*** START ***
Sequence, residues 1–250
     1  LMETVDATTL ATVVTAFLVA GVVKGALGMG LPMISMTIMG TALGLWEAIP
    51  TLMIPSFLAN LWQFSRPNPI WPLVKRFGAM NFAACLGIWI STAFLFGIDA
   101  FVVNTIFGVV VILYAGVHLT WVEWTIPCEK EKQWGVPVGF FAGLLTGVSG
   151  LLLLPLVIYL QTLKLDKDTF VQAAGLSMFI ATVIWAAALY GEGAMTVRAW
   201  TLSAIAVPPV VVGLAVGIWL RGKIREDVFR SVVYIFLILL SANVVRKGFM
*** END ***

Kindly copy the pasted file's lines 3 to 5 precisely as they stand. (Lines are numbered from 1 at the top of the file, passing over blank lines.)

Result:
    51  TLMIPSFLAN LWQFSRPNPI WPLVKRFGAM NFAACLGIWI STAFLFGIDA
   101  FVVNTIFGVV VILYAGVHLT WVEWTIPCEK EKQWGVPVGF FAGLLTGVSG
   151  LLLLPLVIYL QTLKLDKDTF VQAAGLSMFI ATVIWAAALY GEGAMTVRAW